Last week I wrote a column about the allure and versatility of pinot blanc wines. I began the article by discussing how a friend had thought pinot blanc and pinot grigio were the same wine. Of course, they're not, but I did get an interesting email from a reader asking me if pinot gris and pinot grigio were wines made from the same grape. A perfectly legitimate question and a wonderful segue into this column.
As it turns out, pinot grigio and pinot gris are actually the same white wine grape, just with two different names. Just as with pinot blanc, pinot gris (the "technical" name) is thought to be a mutation of the pinot noir grape. Gris means "gray" in French and has a grayish hue when it is fully ripened but makes a golden yellow to blush-colored wine.
The confusion over the name is a result of where the grapes are grown. For example, in Italy and California, wines produced from the grape are called pinot grigio; however, in France, Canada and Oregon, it's referred to as pinot gris. The main difference is in the style is a result of the climates the grapes are grown in and how the wines are produced. In Italy, pinot grigio tends to be dry, with a citrus-centric core and a minerally finish. In France, the wines lean more toward stone fruits and white flowers. Both styles are found throughout the grape-growing world, so it's just a matter of finding the variety that appeals to your palate. Retail prices are approximate.
Pinot grigio pairs well with light dishes that are on the rich side, like chicken in a rich white sauce, or eggplant with heavy spices.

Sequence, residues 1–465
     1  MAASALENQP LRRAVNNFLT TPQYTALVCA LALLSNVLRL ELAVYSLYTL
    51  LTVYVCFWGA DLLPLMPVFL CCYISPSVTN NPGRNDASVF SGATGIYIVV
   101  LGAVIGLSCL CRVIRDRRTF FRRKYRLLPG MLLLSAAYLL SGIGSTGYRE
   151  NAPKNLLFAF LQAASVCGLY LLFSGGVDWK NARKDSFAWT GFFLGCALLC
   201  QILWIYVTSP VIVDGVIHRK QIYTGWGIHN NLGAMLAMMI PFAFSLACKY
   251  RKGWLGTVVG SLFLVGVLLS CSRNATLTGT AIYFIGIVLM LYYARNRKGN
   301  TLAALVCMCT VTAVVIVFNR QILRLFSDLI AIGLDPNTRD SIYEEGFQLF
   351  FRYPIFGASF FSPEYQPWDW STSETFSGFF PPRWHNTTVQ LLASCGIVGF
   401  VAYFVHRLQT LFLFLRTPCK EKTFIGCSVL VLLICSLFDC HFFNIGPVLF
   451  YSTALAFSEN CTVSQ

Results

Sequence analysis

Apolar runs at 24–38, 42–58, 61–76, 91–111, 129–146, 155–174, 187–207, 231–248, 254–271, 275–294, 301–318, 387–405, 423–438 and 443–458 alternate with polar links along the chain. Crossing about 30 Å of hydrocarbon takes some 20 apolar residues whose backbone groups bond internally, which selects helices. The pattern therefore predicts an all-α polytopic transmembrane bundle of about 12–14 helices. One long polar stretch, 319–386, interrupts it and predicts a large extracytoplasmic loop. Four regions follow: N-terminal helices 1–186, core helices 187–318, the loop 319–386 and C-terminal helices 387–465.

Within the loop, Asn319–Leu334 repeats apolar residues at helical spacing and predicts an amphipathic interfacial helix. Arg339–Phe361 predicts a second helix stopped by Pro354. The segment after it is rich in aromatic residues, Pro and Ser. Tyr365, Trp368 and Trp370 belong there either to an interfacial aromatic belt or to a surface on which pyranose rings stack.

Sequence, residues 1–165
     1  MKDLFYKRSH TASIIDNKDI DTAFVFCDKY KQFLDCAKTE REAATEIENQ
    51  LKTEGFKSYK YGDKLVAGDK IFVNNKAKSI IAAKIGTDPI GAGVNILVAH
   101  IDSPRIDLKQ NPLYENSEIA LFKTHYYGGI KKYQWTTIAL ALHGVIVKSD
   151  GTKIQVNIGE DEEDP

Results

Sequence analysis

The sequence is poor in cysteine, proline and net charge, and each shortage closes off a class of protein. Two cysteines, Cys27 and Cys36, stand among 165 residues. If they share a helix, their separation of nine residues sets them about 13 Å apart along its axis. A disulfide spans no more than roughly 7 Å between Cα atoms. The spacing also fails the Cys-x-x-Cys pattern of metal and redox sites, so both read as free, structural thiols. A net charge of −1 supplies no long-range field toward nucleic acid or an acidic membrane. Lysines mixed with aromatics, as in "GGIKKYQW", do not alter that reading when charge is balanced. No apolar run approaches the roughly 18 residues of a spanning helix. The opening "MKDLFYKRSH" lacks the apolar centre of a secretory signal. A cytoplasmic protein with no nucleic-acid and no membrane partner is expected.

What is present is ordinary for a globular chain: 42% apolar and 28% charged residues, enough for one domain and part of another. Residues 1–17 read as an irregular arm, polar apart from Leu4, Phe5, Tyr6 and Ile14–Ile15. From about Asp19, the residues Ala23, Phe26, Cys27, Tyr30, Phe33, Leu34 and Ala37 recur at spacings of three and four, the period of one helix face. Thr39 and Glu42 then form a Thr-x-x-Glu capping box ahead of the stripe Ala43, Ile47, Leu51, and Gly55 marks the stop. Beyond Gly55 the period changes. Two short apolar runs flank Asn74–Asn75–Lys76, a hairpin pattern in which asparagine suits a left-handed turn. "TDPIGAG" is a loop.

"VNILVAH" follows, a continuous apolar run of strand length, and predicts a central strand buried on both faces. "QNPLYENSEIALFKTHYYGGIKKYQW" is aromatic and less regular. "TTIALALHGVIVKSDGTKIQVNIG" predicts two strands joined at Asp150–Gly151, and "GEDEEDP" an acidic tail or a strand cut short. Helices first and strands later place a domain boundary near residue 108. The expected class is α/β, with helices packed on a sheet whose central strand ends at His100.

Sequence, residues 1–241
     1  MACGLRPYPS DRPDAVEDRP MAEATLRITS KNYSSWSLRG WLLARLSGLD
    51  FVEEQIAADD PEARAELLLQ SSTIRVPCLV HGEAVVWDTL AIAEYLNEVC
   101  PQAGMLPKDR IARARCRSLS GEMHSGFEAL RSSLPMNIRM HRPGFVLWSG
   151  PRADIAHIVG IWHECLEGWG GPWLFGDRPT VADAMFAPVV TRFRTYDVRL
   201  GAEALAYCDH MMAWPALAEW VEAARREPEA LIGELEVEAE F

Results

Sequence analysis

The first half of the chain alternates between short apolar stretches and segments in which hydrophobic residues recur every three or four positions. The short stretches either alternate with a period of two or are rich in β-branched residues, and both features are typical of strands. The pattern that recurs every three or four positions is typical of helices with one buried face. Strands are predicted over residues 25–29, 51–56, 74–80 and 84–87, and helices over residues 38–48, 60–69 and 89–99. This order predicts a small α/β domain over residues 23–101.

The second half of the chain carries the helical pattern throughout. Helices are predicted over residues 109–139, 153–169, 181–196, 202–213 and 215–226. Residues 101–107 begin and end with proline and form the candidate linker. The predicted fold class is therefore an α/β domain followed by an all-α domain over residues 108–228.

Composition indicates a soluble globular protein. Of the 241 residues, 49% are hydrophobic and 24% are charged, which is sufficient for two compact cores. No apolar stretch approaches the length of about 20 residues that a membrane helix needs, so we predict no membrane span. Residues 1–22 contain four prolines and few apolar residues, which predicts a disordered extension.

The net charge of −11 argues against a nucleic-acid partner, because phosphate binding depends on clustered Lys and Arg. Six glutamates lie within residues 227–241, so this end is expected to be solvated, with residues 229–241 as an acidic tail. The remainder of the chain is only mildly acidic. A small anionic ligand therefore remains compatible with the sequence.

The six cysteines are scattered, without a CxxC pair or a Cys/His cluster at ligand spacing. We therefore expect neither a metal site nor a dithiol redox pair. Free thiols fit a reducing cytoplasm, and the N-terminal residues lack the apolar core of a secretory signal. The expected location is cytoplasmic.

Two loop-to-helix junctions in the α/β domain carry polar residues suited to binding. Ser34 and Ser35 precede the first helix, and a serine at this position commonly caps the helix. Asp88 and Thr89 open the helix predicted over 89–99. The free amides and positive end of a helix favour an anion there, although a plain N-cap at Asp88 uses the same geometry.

In 1870, Ilario and Leopoldo Ruffino had a dream of starting a winery dedicated to making the best wines possible from Tuscan grapes. Today, the Folonari family runs the winery and its 2009 Ruffino Lumina Pinot Grigio ($10) from Venezia, Italy, steals the show with an aromatic nose of orange blossom, grapefruit and pineapple. Crisp notes of nectarine, peach and lemon/lime fill the mouth while bracing acidity keeps the finish fresh and lively. QPR 8
For six centuries, the Albrecht family has been making wine in Alsace, so family members know a thing or two about pinot gris. Their 2010 Lucien Albrecht Pinot Gris Cuvee Romanus ($18) from Alsace is one of the most well-known white wines from that region. The intense bouquet explodes with scents of white flowers, juicy stone fruits and wet stone. This extraordinarily easy-drinking wine emphasizes flavors of nectarine, white peach and melon highlighted by abundant acidity. Citrus notes provide a tangy and refreshing finish. QPR 9
Oregon was the first state in America to grow pinot gris, and Adelsheim was one of the first wineries to make it a regular part of their portfolio. The winery's 2011 Adelsheim Pinot Gris ($22) is the 28th vintage it has produced in the Willamette Valley of Oregon. The nose is full of ripe green apple, melon and honeysuckle aromas. The slightly creamy mouthfeel supports luscious flavors of green apple, pear and tropical fruit. The textured finish is long and crisp with hints of tangerine and bright acidity on the back of the palate. QPR 8.5
J Vineyards in California's Sonoma Valley is known for its refreshing sparkling wines, but the 2010 J Vineyards "Cooper Vineyard" Pinot Gris ($26) may just change that. Blessed with a fragrant bouquet of honeysuckle, lemon meringue pie and apricot on the nose and a succulent mouthfeel featuring flavors of tropical fruit, kiwi and honeydew melon, this wine is an elegant version from first sip to last impression. The hint of orange clove honey on the finish is particularly memorable. QPR 9.5
Note: QPR is a rating system that compares the quality a wine delivers relative to the price. A QPR of 10 is considered an excellent value.